Having said this, however, I must admit that I feel a bit implicated in that derailment-by-business-model, as my early interventions into thinking about OA in the humanities very much focused on gold OA, on making publications freely and openly available at the source. And I do still think that there are ways of implementing gold OA publishing models — perhaps especially around monographs — that might be more equitable and should be further explored.2 But I worry that this singular focus on making publications freely available might have prematurely foreclosed a set of larger discussions about the broader circulation of scholarship in general.

In some of the early open access meetings I attended, in fact, I found myself arguing with a few other participants who insisted that we were headed in the wrong direction, and that we needed to be thinking about green OA, on the author side of making things freely available — primarily through repository deposit — rather than on the publisher side. But the longer I think about it, the more I have come to believe that what I had in mind in the creation of free-and-open publications bears more in common with repositories than it does with the dominant mode through which OA has been taken up by corporate publishers. My all-too-nascent idea, after all, was based on my experiences with MediaCommons, which led me to hope that groups of scholars could take control of the systems through which they publish by creating collective, cooperative, scholar-organized and -governed publications on open networks.

And some of that has happened. The Open Library of the Humanities, notably, was founded by two humanities scholars who are working closely with the scholars who operate the journals under its umbrella.3 And, of course, MLA Commons is a platform developed by a scholar-governed society on which members are encouraged to develop and share new projects with the field in a wide variety of ways.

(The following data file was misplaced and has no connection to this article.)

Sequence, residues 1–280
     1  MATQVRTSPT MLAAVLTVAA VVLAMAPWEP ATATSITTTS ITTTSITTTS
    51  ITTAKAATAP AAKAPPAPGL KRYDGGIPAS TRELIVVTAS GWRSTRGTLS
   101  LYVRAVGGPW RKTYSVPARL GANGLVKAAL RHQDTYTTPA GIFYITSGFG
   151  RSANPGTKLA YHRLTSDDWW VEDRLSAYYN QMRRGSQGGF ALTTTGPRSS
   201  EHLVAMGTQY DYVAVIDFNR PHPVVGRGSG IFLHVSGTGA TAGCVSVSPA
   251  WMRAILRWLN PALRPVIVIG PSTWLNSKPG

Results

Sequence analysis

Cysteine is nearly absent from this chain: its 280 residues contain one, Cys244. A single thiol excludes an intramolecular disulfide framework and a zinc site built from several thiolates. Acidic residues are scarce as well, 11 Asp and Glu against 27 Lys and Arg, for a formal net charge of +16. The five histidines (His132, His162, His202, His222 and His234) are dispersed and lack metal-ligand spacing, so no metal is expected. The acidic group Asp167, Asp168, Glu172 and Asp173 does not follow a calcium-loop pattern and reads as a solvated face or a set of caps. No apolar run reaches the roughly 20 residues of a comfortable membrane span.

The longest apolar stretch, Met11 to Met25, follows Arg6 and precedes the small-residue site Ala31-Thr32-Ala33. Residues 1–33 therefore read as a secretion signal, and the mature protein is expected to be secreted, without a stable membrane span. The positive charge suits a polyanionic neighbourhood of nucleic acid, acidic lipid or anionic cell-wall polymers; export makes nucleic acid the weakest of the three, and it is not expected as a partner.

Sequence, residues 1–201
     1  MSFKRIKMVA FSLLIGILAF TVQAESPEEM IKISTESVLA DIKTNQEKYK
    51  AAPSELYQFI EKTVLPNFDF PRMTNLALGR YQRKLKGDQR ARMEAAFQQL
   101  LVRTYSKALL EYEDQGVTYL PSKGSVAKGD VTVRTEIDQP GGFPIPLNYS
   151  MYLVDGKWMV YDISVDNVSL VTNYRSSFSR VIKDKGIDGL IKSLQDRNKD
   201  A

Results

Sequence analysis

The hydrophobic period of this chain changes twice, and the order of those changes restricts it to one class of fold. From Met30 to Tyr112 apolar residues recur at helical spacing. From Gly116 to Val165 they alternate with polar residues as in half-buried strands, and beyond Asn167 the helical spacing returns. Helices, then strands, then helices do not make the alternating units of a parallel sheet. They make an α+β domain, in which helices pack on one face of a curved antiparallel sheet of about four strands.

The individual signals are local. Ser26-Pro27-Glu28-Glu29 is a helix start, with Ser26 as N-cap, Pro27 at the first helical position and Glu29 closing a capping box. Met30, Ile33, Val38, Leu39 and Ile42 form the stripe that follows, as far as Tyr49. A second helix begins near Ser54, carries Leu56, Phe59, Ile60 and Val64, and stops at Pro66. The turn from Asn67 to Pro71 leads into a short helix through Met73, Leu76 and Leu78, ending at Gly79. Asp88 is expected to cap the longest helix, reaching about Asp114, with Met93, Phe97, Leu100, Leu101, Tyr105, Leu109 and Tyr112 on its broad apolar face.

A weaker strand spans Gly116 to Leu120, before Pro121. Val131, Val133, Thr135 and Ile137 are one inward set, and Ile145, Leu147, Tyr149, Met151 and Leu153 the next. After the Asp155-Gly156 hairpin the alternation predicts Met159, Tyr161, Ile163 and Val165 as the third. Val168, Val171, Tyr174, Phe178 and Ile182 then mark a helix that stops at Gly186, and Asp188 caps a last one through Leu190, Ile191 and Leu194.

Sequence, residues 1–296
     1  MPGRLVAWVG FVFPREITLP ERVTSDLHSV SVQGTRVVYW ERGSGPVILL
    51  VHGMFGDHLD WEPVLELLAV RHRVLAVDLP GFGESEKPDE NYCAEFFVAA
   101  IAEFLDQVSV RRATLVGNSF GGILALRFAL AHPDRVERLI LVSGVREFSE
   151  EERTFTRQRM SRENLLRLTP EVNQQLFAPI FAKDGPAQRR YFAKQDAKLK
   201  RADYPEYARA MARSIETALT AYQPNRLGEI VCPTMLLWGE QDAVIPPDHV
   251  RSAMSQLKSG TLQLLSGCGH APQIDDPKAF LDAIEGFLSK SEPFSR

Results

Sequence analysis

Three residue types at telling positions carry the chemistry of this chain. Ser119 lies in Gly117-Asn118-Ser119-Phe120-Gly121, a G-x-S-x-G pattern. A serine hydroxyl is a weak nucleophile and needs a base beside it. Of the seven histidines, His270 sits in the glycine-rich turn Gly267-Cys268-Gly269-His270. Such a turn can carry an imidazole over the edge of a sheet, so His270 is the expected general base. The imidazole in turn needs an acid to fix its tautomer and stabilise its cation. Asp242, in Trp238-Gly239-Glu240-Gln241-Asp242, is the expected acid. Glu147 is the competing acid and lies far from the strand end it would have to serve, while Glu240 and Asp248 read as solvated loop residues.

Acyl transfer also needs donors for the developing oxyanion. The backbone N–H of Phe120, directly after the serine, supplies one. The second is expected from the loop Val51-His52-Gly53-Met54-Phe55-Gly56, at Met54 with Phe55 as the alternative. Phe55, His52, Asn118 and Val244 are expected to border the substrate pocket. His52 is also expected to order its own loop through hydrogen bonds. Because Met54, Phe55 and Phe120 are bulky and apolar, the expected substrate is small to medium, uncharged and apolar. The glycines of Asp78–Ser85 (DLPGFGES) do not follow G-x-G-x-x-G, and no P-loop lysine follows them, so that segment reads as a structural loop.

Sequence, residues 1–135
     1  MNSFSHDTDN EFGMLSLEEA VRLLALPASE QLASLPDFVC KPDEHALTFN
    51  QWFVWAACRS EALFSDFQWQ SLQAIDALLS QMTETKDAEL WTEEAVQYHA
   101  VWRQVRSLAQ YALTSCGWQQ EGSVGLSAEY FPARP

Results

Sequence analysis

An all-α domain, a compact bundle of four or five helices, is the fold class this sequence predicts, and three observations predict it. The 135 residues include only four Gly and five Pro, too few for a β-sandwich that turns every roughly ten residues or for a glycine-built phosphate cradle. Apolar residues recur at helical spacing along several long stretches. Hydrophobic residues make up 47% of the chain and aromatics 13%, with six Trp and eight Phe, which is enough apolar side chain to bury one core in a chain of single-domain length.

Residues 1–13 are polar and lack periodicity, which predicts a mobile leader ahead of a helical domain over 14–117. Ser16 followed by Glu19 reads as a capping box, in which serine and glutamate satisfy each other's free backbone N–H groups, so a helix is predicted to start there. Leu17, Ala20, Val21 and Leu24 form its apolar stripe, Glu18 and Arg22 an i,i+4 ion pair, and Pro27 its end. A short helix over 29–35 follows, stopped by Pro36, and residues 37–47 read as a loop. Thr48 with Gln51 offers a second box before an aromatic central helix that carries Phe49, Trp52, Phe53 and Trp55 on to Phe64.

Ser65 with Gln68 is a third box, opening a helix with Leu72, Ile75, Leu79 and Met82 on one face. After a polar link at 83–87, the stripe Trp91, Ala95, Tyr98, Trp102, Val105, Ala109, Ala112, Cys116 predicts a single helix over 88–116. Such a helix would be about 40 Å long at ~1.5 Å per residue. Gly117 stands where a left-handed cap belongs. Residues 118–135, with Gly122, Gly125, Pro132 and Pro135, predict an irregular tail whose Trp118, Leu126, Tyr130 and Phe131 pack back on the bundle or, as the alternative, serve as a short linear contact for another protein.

But there’s been comparatively slow uptake on this end of the open access spectrum, and it’s worth considering why. On the one hand, there is the fact that publishing requires work, and comparatively few scholars have the time or inclination required to move some of their “own” work aside in favor of working on publishing’s machinery, whether by building their own publications or supporting others through the publishing process. That sort of work isn’t, by and large, what we trained for, and perhaps more importantly, it isn’t the kind of thing for which we get credit.4

Even more, there is the question of prestige: scholars continue to publish in venues that have established imprimaturs, and in venues that they have no editorial hand in, because those two factors continue to be privileged by the various review mechanisms up the chain. Scholars need to persuade internal and external review committees that their work has been selected through an impartial, rigorous review process, and all the better if the name of the organization that runs that review process resonates. But of course publishing collectives are capable of being just as (if not more) rigorous, and scholarly associations like my own can provide not just an imprimatur for those collectives but also access to the many other members in the field that the collectives would likely want to reach.

So the question that remains for me is what will be required in order to motivate scholars to take the lead in forming such collectives. Much of the OA movement has focused on a hearts-and-minds campaign of sorts, working to convince individual scholars that open access to their work is not just good for the work but also key to intellectual forms of social justice. But I think, in the coming years, we need to pay as much attention to shifting the requirements of those review mechanisms up the chain, whether institution- or funder-based, in order to persuade them that impact and prestige might not necessarily correlate, that rigor need not necessarily require distance, and that all publications — from the individual scholarly blog to the most carefully edited monograph — demand to be evaluated on their own terms, with an understanding of the possibilities each presents for the increase in knowledge we all seek.

The Political Economics of Open Access

Oh, this this this:

I’m increasingly feeling that the old debates (what’s a reasonable cost, green vs gold, hybrid vs pure) are sterile and misleading. That we are missing fundamental economic and political issues in funding and managing a global scholarly communications ecosystem by looking at the wrong things. And that there are deep and damaging misunderstandings about what has happened, is happening, and what could happen in the future.

Cameron Neylon, “The Political Economics of Open Access Publishing: A Series”

Tools and Values